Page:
The United Nations’ (UN) partnerships with local organizations has resulted in the collection of nearly two million metric tons of debris on Abaco, according to UN Assistant Secretary-General Dr. Luis Lopez-Calva.
His comments came during the opening ceremony for the Hurricane Dorian private sector pledging conference at the Baha Mar Conference Centre yesterday morning.
“To date, we have initiated a partnership with local communities, which will result in an estimated 1.7 million metric tons of debris collected through our cash for work program in Abaco; collaborated with government in the application of UNDP’s household and building damage assessment tool to assess approximately 4,000 buildings in the affected islands; and we have partnered with the University of The Bahamas to prepare a user-friendly manual, which translates building codes into understandable materials for families as they rebuild their homes,” Lopez-Calva said.
He added, “UNDP’s recovery work in The Bahamas aims at promoting sustainable and disaster-resilient infrastructure; restoring the environment through community participation; strengthening national and local capacities for recovery planning and co-ordination and improving communications and knowledge management on the recovery process.”
Lopez-Calva said the UN Development Programme has given $1.2 million in financial and technical contributions since Dorian devastated Abaco and Grand Bahama in early September.
“Notwithstanding Bahamas’ income classification, UNDP has made the effort — within the limits of its capacity — to offer support for the long haul, especially in mitigating, withstanding and overcoming climate change and its impacts, informed by your own national development priorities,” he said.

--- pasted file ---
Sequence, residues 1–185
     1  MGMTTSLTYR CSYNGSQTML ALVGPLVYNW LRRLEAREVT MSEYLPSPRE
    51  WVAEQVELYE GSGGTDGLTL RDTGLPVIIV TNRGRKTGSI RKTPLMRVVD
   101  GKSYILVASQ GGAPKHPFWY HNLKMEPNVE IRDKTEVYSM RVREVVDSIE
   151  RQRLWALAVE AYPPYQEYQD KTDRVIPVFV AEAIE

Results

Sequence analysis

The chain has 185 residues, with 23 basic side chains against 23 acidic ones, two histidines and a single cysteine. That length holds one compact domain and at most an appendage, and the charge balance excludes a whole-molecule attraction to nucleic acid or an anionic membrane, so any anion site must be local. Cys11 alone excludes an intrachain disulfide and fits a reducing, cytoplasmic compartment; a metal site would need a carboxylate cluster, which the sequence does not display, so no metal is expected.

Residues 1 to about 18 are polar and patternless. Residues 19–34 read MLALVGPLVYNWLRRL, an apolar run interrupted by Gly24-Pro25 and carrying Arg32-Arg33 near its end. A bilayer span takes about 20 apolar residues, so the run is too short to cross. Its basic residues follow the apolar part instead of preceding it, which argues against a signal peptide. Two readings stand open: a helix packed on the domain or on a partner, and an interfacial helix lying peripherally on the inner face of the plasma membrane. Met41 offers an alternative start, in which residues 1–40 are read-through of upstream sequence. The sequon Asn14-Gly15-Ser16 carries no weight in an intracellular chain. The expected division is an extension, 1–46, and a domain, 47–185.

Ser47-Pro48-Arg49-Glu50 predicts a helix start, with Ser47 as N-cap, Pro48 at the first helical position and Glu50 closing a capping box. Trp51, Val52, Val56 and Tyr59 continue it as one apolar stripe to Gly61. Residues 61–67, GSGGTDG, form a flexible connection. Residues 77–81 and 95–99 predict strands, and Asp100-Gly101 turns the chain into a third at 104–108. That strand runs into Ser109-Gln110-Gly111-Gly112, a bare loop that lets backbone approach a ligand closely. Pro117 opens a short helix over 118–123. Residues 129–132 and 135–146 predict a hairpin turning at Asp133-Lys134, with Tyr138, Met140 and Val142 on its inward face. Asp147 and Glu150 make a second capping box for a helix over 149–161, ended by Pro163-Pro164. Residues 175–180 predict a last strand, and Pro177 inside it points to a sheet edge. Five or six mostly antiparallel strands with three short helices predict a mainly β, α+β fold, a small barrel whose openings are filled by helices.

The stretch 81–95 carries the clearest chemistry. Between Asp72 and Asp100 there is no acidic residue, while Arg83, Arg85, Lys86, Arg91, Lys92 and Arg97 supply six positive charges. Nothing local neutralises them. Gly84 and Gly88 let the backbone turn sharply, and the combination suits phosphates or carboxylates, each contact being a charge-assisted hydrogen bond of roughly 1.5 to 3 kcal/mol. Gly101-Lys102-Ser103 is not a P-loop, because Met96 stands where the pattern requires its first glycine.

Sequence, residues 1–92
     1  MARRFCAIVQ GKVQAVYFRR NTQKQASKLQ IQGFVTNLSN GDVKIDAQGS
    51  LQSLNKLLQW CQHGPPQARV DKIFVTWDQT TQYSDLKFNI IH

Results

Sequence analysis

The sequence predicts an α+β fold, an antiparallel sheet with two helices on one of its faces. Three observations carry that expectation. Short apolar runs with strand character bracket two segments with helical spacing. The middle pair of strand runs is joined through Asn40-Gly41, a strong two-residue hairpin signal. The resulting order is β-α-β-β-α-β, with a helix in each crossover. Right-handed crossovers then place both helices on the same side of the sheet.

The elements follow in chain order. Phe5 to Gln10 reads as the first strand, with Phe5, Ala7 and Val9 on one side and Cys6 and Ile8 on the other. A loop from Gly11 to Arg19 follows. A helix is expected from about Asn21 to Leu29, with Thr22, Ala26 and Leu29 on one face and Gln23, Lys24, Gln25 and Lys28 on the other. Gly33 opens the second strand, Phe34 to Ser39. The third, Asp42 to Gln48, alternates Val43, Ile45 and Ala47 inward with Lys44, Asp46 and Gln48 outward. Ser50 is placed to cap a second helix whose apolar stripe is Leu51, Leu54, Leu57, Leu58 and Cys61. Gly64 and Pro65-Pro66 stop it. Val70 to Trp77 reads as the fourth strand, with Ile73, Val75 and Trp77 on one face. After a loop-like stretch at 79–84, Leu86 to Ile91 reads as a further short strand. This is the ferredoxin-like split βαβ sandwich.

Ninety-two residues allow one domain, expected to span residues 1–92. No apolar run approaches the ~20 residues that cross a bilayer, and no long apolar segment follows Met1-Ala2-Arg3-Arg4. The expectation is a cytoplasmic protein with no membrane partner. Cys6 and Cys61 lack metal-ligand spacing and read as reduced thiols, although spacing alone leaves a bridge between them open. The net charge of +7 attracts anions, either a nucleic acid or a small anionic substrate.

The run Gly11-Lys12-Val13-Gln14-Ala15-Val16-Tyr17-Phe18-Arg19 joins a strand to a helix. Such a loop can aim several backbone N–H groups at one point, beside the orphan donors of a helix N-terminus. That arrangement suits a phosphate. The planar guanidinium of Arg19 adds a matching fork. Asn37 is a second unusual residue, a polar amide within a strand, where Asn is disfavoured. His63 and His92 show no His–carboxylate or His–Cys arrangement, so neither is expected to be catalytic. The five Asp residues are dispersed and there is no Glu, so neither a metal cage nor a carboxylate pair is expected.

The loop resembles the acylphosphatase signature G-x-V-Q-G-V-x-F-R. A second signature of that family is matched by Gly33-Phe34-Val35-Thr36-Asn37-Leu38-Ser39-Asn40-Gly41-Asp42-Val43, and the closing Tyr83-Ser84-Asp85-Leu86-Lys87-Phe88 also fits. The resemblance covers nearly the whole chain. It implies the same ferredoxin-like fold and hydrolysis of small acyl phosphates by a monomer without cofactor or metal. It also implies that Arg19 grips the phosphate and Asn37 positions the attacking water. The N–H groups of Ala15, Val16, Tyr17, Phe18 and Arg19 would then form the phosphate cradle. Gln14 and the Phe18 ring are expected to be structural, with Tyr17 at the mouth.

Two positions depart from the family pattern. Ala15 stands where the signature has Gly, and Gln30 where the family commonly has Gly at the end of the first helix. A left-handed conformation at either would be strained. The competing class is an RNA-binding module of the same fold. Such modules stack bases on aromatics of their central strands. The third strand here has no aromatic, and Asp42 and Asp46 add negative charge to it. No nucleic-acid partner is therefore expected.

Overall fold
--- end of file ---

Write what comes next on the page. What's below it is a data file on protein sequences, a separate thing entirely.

“In September 2019, UNDP Administrator Achim Steiner announced immediately the release of funds in technical and financial support to the hurricane recovery effort.”
Dorian impacted nearly 30,000 people, left thousands displaced and killed at least 70.
The Category 5 storm cost The Bahamas about $3.4 billion, according to a recent assessment.
However, according to Lopez-Calva, the cost of damage may be more.
“Our UNDP team was among the first to be on the ground in The Bahamas since September 2019,” he said.
“It has witnessed [t]he severe and heartbreaking scenes of devastation across the islands of Abaco and Grand Bahama. Precious lives have been lost, thriving economies decimated and livelihoods put on hold.
“Damages have been assessed at no less than $3.4 billion but the domino effect on development can be far more costly unless we rethink how we plan, how we prepare and how we build better and stronger.”